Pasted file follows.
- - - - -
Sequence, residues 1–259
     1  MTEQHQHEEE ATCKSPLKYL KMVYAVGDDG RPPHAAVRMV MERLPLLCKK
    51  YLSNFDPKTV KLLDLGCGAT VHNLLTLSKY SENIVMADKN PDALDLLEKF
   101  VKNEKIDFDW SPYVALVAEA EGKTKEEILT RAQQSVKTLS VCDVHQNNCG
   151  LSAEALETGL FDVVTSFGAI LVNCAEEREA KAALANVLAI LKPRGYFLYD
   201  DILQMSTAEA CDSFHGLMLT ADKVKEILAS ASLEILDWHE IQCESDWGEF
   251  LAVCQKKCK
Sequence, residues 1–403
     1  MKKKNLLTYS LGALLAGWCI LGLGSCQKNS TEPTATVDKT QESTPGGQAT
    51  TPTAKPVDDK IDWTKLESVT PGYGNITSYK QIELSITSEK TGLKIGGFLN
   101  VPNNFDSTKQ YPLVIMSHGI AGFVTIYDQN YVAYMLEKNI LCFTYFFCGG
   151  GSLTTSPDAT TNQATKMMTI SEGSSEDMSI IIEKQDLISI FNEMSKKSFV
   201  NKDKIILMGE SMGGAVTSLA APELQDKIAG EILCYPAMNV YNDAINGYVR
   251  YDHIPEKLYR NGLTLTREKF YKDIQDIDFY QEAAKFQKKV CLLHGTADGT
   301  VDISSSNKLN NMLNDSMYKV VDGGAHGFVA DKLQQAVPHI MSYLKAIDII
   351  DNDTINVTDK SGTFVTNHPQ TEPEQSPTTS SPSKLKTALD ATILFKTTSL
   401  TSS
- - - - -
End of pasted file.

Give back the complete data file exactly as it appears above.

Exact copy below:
Sequence, residues 1–259
     1  MTEQHQHEEE ATCKSPLKYL KMVYAVGDDG RPPHAAVRMV MERLPLLCKK
    51  YLSNFDPKTV KLLDLGCGAT VHNLLTLSKY SENIVMADKN PDALDLLEKF
   101  VKNEKIDFDW SPYVALVAEA EGKTKEEILT RAQQSVKTLS VCDVHQNNCG
   151  LSAEALETGL FDVVTSFGAI LVNCAEEREA KAALANVLAI LKPRGYFLYD
   201  DILQMSTAEA CDSFHGLMLT ADKVKEILAS ASLEILDWHE IQCESDWGEF
   251  LAVCQKKCK
Sequence, residues 1–403
     1  MKKKNLLTYS LGALLAGWCI LGLGSCQKNS TEPTATVDKT QESTPGGQAT
    51  TPTAKPVDDK IDWTKLESVT PGYGNITSYK QIELSITSEK TGLKIGGFLN
   101  VPNNFDSTKQ YPLVIMSHGI AGFVTIYDQN YVAYMLEKNI LCFTYFFCGG
   151  GSLTTSPDAT TNQATKMMTI SEGSSEDMSI IIEKQDLISI FNEMSKKSFV
   201  NKDKIILMGE SMGGAVTSLA APELQDKIAG EILCYPAMNV YNDAINGYVR
   251  YDHIPEKLYR NGLTLTREKF YKDIQDIDFY QEAAKFQKKV CLLHGTADGT
   301  VDISSSNKLN NMLNDSMYKV VDGGAHGFVA DKLQQAVPHI MSYLKAIDII
   351  DNDTINVTDK SGTFVTNHPQ TEPEQSPTTS SPSKLKTALD ATILFKTTSL
   401  TSS